Maybe I was grasping at anything that wasn’t the phrase “penile cancer,” but I liked the sound of “compensated.” “How much are we talking about..?” I cautiously wondered, “Do I actually care?” At this point, I’d received only one of three rounds of the HPV vaccine, and the prospect of being paid to finish the dosage was enticing if not outright fantastical. Of course, there was still that pesky “you-have-to-be-gay-to-participate” caveat to contend with.

A radically funny thought entered my brain. “What if I just say I’m gay?” I asked a few of my dubious hall mates, “I mean, it’s not like they can prove I’m attracted to guys, right?”

They looked at me quizzically. “I guess not… but if you are, that’s also not like a big de–”

“I’m not. That’s why I’m asking.”

“So when you talk about your crush on Mark Benz–”

“Well, who can resist that nose ring.”

“Wait, so…?”

“No. Come on. I’m joking. Obviously.”

They squinted, puzzled, looking for me as they looked at me, before finally shrugging their shoulders in resignation. “Ok…then isn’t that, I dunno… kind of offensive?”

These people didn’t understand. If only they could have seen me in Minnesota; understand that, at heart, I’d always been a proud proponent of gay rights. How I’d bought that bracelet from my high school’s Gay-Straight Alliance. Dutifully worn it most days in solidarity with my queer and questioning peers. How I’d plastered that “Vote No” sticker on my minivan in support of Minnesotan marriage equality, and righteously stolen that “Vote Yes” sign my cowardly neighbor hid on his porch at night. For God’s sake, the emblem of my church was a fucking rainbow. I wasn’t being homophobic, or narrow-minded, or insensitive. I was just finally capitalizing on an act I’d put on for the better part of my life.

I went ahead and made the appointment. In preparation, I laid out a pink-striped Lacoste dress shirt, some skinny, crotch-constricting khakis, and a slender, down vest to tie the whole ensemble together. If asked about my personal life, I decided my Italian Studies concentration would probably speak for itself. I may not have been a “sexually active homosexual man,” but, if pressed, I was pretty sure I could plausibly pull of “socially active.”

On the day of the appointment, a nurse named Gail greeted me at the clinic doors, beckoning me inside almost maternally. “So glad you could make it!” she gushed, her lab coat as white and unblemished as my moral compass, “it’s Ian, right?” I shook her hand, nodding hesitantly as she flashed me a reassuring smile. There was a blur of winding, sanitized corridors, some paper shuffling, and then the cool, rigid plastic of an exam room table beneath my palms.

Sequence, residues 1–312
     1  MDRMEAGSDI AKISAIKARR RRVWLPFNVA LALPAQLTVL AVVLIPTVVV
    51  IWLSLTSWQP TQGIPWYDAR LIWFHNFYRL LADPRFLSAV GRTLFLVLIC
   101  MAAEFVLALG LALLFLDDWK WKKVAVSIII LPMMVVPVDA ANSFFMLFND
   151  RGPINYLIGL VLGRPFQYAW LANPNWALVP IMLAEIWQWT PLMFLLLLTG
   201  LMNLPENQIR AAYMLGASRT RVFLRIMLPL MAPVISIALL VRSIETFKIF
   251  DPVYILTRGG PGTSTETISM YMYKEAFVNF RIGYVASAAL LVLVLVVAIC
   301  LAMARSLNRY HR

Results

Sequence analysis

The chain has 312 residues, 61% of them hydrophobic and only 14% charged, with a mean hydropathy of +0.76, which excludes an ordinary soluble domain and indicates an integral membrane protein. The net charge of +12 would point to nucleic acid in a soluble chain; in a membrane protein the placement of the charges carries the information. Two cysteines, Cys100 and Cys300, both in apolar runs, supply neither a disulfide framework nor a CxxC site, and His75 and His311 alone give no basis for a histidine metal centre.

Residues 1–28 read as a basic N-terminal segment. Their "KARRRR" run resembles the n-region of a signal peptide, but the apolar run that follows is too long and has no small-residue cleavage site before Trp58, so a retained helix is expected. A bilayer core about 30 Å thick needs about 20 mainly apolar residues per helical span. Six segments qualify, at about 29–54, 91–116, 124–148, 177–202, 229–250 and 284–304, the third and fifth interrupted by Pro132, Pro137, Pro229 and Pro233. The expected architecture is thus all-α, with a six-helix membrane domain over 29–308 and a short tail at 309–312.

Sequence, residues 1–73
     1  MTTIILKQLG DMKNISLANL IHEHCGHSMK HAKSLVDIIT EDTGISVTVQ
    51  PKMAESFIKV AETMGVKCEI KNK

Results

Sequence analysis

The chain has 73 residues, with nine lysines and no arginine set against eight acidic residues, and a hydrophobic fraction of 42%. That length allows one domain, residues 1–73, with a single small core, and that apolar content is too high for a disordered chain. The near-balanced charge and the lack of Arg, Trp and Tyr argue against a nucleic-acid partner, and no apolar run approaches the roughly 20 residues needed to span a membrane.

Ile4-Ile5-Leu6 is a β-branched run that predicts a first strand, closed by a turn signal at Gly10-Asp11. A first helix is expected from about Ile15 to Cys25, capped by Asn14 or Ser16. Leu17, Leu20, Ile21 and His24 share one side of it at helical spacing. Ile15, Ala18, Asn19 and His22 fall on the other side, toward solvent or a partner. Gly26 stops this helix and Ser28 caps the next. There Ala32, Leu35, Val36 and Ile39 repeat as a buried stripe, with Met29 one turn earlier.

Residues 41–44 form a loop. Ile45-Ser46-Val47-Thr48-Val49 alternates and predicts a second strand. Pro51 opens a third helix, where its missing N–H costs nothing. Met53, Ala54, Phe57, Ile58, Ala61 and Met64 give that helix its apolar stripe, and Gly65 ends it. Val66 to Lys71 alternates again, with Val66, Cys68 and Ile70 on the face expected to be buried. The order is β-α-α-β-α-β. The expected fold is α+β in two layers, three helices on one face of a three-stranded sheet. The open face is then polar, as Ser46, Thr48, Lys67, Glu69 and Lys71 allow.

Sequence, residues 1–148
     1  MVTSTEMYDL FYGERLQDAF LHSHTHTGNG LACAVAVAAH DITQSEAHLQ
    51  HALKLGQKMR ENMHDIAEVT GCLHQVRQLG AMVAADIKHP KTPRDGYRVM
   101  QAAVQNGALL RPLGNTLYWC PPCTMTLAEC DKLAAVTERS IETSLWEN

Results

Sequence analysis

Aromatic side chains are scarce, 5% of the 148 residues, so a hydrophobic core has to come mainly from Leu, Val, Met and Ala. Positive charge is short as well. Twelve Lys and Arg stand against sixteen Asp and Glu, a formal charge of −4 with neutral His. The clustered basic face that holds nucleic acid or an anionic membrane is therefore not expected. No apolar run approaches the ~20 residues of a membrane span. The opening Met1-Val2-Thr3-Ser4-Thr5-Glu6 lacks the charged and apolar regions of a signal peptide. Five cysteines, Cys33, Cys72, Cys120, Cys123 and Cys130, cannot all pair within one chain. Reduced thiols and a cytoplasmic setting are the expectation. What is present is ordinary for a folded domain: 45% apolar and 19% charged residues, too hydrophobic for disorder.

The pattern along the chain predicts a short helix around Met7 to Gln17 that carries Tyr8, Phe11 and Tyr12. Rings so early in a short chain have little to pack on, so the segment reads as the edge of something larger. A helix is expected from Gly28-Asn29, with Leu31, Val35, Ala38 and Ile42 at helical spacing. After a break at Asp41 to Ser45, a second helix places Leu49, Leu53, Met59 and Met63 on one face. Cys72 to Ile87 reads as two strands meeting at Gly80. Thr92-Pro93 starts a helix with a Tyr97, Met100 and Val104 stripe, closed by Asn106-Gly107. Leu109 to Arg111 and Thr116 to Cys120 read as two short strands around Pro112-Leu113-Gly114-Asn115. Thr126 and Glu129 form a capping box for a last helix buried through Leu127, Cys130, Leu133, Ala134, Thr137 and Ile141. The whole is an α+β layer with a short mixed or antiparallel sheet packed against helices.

“So we normally start with a brief questionnaire,” Gail began, making herself as comfortable as she could on her rolling stool. “But at this point, do you have any questions for me?”

Is the vest too much? It seems like the vest is too much.

“No? Great. Well, as you hopefully know, this is research initiative targeted at sexually active gay men…”

You don’t say.

“…which means I’m obligated…”

Here it comes…

“…to provide a brief sexual history of the patients that come through this facility. Of course, if you feel uncomfortable at any time during this interview, you are free to leave, no questions asked.”

A “brief history…?” I’d anticipated a “Yes or No” question about my sexual orientation, not a detailed investigation into it.

“So how many sexual partners have you had in the last month?”

Gail was cutting right to the chase.


She nodded. “In the past 12 months?”

I looked wistfully upward, trying to recall sexual encounters that had never actually taken place. “Yeah…I think it was…two…”

It occurred to me that even in a wild, alternate universe of my own creation, I still couldn’t imagine getting laid more than a couple times a year.

“And what were the circumstances of your last sexual encounter?”

“The circumstances…?”

“Was this someone you were in a relationship with?” Gail asked, “Or more of a one time thing?”

“Oh…definitely a one time thing.” That much I was sure about. I imagined my gay alter ego as a strong individualist, not a man to be tied down by monogamous orthodoxy.

Gail made a few pointed scribbles on her notepad. “So what happened, specifically?” she continued, “What was the context of this encounter?”

I began to weave the kind of gay erotica one might turn up when Google searching “bad gay erotica.” The kind where I was an innocent, incoming freshman, he was an older exchange student, and we had just one endless summer night to consummate our forbidden love.

“Did you engage in anal or oral sex.” Gail interrupted, cutting through the tired tropes.


“And did you perform oral sex on your partner, or receive it from him?”

“I received it.”

“Great!” she said exuberantly, turning the page like it was the best thing she’d heard all day.

For a moment it looked like the interrogation was over. Gail put a few more thoughts to paper, scanned her notes, and seemed to confirm that everything was in order. “One last thing here…” she slowly murmured.

Thank god.

“Where did you ejaculate?”

I could literally feel my pupils dilate.

Somewhere between speechless and sputtering, I unsuccessfully tried to respond. Gail just nodded her head knowingly. “I was surprised to see this one on the survey too,” she commiserated, trailing off for a second, “but hey! I just read the questions!”